Huawei Technologies plans to sell its majority-stake in submarine cable business joint venture Huawei Marine Systems to Chinese optical telecommunication network products company Hengtong Optic-Electric Co.
The sale comes as Huawei faces significant supply chain issues after the US banned American companies from selling goods or services to the Chinese telco giant, and accusations of being state surveillance tool have dogged the company.
Hengtong Marine Systems
Huawei launched HMS (also known as Huawei Marine Networks) as a joint venture with British firm Global Marine Systems in 2008, and quickly established the division as a major player in the submarine cable market, building or upgrading around 90 cable projects.
But even before the current US-led effort to paint Huawei as a security threat - an allegation it denies - the submarine cable division has suffered due to similar allegations dating back years.
In 2018, the Australian government blocked a Huawei Marine submarine cable between the Solomon Islands and Sydney over purported security concerns. At the time, Huawei also faced accusations of making a SI$40m (US$5m) political donation to the party of then-Solomon Islands prime minister Manasseh Sogavare, revealed in a report by the nation's parliamentary accounts committee. It called for a police inquiry, while Huawei strongly denied the allegations.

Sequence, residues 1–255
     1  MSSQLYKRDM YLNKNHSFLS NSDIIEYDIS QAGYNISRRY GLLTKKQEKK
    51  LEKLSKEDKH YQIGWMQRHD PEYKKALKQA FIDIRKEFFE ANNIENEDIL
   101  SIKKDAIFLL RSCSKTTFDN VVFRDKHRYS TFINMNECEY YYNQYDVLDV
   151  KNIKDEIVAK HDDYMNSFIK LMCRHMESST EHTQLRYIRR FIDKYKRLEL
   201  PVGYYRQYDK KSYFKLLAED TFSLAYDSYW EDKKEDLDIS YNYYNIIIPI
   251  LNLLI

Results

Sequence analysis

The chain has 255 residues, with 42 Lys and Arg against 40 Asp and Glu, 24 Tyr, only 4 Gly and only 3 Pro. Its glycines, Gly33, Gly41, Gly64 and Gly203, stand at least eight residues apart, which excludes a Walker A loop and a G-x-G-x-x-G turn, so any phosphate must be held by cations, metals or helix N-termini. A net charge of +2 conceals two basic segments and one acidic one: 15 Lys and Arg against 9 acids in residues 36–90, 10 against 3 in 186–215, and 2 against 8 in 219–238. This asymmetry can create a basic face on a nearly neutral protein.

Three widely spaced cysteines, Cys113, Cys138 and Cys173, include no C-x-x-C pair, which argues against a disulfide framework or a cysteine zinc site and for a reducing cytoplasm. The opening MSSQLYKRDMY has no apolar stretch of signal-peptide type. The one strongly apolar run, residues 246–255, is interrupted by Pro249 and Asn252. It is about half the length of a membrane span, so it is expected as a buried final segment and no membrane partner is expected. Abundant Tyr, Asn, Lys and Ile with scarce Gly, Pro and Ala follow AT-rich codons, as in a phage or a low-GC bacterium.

The US, Australia and Japan also unsuccessfully tried to stymie a deal between Huawei Marine and Papua New Guinea last September.
In March this year, the Wall Street Journal detailed how the US government was trying to paint Huawei Marine as a security threat. Like with the wider accusations against the company, the US has provided no evidence to back up its claims. In 2013, whistleblower Edward Snowden revealed that the US and UK governments regularly tapped submarine cables, in particular by compromising the cables' landing stations.
In a filing to the Shanghai Stock Exchange, first reported by Reuters, Hengtong Optic-Electric Co said that it had signed a letter of intent with Huawei Tech Investment Co on May 31 to buy its 51 percent stake in Huawei Marine Systems via cash and share issuance.
The price of the acquisition was not disclosed, but last year the cable business made a net profit of 115 million yuan ($16.66 million) on revenue of 394 million yuan ($57m), according to Huawei's annual report.
Trading of Hengtong Optic-Electric shares were suspended pending deal discussions. The company is 15.66 percent owned by fiber-optic network and smart grid company Hengtong Group, and 14.95 percent owned by Hengtong Group’s founder and owner Cui Genliang.
In October, Global Marine parent HC2 Holdings said that it was exploring strategic alternatives, including a potential sale, for the division. Were it to sell its stake in Huawei Marine Systems to Hengtong, or another Chinese firm, the deal could be subject to approval by the UK government.